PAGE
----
Rotator cuff tears are very common, and their incidence rate increases with age. Shoulder ultrasonography seems to have recently gained popularity for detecting these types of fractures, essentially because of the efficiency, cost-effectiveness, time-saving and real-time nature of this procedure.
A study recently published on BioMed Central gives us a detailed account about the methods they used for their research on this topic. The patients submitted to this study were retrospectively reviewed from January 2007 to December 2012 and divided into 2 groups – the Ultrasound (-) group and the Ultrasound (+) group. The data of both groups was compared on the following terms:
- Wait time from outpatient department (OPD) visit to MRI exam;
- MRI exam to operation (OP);
- OPD visit to OP;
- Patient’s number for MRI exam;
- Number of patients who finally had rotator cuff repair within two groups.
But first, let’s go back in time…
Rotator cuff tears are a common cause of reduced shoulder function and debilitating pain and weakness. Data tells us that around 40% of patients older than 60 years are affected by this condition and it can be encountered in about 50% of patients over 70 years old.
This condition is left untreated most of the times, with the patient expecting it to spontaneously heal itself.
At the start of the study, 50 subjects were found with an asymptomatic rotator cuff tear, out of which “18 developed symptoms at a mean time of 18 months”. Usually, when a patient is presented with a rotator cuff tear and a concomitant stiff shoulder, the stiffness is first treated in a non-operative way until the shoulder regains passive range of motion (ROM) and then surgery for rotator cuff repair is later performed.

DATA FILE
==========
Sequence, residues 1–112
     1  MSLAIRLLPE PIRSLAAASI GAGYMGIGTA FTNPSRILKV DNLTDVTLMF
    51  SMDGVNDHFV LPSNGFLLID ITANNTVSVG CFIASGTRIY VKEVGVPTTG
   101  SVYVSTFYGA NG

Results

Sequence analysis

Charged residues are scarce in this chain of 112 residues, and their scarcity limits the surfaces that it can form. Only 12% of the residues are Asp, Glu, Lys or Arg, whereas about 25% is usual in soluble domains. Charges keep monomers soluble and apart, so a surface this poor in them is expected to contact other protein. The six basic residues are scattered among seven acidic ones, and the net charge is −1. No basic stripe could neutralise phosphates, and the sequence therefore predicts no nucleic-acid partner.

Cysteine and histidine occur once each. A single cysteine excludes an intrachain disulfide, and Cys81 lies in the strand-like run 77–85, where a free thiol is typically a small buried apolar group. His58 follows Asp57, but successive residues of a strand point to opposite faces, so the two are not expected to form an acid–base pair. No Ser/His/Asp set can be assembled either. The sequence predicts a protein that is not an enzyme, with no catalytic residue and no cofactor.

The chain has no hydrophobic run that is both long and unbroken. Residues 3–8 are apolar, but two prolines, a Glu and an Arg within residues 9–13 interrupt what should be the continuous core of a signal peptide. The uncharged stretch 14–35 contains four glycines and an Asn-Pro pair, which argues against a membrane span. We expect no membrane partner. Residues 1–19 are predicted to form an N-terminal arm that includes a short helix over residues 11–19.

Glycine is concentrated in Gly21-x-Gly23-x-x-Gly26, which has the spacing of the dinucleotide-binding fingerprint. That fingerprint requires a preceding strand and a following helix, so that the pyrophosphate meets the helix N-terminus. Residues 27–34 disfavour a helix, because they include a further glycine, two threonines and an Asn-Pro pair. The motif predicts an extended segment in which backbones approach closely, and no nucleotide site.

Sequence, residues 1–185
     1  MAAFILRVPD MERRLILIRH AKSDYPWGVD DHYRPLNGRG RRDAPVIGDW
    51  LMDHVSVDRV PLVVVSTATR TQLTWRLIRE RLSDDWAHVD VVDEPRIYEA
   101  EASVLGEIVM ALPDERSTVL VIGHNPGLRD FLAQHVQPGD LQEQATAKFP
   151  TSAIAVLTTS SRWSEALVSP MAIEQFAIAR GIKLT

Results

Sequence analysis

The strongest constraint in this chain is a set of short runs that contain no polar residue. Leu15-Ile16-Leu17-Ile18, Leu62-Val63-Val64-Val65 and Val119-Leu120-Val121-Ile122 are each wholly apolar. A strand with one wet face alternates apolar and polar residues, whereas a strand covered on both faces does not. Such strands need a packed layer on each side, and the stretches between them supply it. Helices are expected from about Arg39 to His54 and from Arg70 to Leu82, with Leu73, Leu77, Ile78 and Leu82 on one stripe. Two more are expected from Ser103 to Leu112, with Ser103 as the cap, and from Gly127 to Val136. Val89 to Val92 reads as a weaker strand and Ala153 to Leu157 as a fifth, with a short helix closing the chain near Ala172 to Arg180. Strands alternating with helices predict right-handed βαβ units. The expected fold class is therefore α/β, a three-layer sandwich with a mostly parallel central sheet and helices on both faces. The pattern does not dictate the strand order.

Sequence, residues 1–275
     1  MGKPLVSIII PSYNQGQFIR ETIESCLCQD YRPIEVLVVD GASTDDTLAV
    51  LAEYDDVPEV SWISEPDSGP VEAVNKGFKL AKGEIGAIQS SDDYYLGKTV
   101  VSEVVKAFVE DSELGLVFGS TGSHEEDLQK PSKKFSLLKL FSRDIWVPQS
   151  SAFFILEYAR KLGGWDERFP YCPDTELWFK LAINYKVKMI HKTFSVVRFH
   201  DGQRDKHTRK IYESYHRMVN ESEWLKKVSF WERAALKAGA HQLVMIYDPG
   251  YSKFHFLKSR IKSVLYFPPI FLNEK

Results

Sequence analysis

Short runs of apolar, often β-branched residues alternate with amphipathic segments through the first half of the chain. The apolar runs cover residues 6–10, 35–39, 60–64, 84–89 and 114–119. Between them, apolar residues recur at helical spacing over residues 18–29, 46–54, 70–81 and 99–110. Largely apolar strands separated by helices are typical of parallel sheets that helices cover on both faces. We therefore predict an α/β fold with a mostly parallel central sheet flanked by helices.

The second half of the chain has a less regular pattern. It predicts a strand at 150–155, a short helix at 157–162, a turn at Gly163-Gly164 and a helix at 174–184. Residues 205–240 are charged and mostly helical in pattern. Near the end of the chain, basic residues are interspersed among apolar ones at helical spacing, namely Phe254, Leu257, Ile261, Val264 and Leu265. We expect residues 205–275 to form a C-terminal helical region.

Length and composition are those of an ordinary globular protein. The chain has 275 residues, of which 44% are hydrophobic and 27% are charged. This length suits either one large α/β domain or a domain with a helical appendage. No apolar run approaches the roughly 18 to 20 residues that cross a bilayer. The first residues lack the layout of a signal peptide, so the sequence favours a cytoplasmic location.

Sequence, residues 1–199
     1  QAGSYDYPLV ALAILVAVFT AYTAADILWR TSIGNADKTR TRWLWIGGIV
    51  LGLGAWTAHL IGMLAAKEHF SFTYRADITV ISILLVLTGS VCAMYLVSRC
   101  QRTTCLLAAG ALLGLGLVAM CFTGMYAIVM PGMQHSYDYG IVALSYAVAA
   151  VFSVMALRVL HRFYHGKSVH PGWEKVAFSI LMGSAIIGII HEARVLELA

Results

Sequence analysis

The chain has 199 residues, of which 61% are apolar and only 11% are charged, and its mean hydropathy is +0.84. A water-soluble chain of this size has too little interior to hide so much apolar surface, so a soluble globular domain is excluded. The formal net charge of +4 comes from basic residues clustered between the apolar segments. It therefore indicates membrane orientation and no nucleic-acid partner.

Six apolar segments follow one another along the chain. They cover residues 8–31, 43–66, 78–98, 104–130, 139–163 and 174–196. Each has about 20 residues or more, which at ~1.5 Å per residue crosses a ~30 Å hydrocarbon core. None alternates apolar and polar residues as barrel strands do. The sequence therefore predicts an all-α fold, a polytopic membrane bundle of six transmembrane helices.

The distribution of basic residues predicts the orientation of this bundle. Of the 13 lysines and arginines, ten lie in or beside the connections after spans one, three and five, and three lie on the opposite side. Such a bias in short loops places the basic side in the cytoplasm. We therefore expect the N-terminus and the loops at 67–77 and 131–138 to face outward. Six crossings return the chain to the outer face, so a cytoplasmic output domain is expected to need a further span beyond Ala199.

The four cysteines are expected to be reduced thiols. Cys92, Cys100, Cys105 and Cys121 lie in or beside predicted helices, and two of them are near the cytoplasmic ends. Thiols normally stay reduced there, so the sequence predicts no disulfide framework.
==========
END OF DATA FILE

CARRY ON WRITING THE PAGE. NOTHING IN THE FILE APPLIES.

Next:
You may need to pay some extra attention to patients with diabetes because the rotator cuff tear may extend during the treatment of the stiffness. To stop this problem, some recent studies suggest simultaneous treatment of the rotator cuff tear and stiffness.
For detecting rotator cuff tears, MRI are commonly used in clinical practice, but that method is outdated and costly. Shoulder ultrasonography performed by a technician and interpreted by a radiologist with expertise has been shown to be accurate in detecting full-thickness and partial-thickness tears of the rotator cuff.
The sensitivity and accuracy of ultrasonography ranges from 91 to 100% and 85 to 86%, respectively. This technique can also provide bilateral information without being affected by the presence of intra-osseous hardware. It is better tolerated by patients and it allows them to view real-time information and results. It is also less expensive than MRI.
Going back to the present…
Since shoulder ultrasonography confirms the integrity of the rotator cuff tears, orthopedic surgeons and patients can be more confident of achieving successful results with non-operative treatment using this method.
If surgical treatment is the only option, the PeekMed software might be exactly what you’re looking for. In order to give you an overview of the procedures that need to be done in the surgery, PeekMed offers you the possibility to visualize them in different environments: 2D, 3D and hybrid.
Shoulder ultrasound examination can be used along with the patient’s clinical history and physical examination. It provides precious information regarding the state of the rotator cuff and the wait time can be reduced from first outpatient visit to final surgery and from MRI to final surgery.